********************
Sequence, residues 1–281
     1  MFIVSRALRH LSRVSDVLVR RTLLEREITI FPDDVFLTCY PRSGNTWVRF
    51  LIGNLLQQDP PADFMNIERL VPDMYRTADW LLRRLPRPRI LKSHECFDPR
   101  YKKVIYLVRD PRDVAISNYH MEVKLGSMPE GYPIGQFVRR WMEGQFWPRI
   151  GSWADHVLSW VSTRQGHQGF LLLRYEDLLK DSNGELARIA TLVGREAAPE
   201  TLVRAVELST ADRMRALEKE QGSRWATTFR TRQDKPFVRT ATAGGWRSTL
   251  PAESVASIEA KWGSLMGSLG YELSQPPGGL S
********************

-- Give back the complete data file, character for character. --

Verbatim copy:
Sequence, residues 1–281
     1  MFIVSRALRH LSRVSDVLVR RTLLEREITI FPDDVFLTCY PRSGNTWVRF
    51  LIGNLLQQDP PADFMNIERL VPDMYRTADW LLRRLPRPRI LKSHECFDPR
   101  YKKVIYLVRD PRDVAISNYH MEVKLGSMPE GYPIGQFVRR WMEGQFWPRI
   151  GSWADHVLSW VSTRQGHQGF LLLRYEDLLK DSNGELARIA TLVGREAAPE
   201  TLVRAVELST ADRMRALEKE QGSRWATTFR TRQDKPFVRT ATAGGWRSTL
   251  PAESVASIEA KWGSLMGSLG YELSQPPGGL S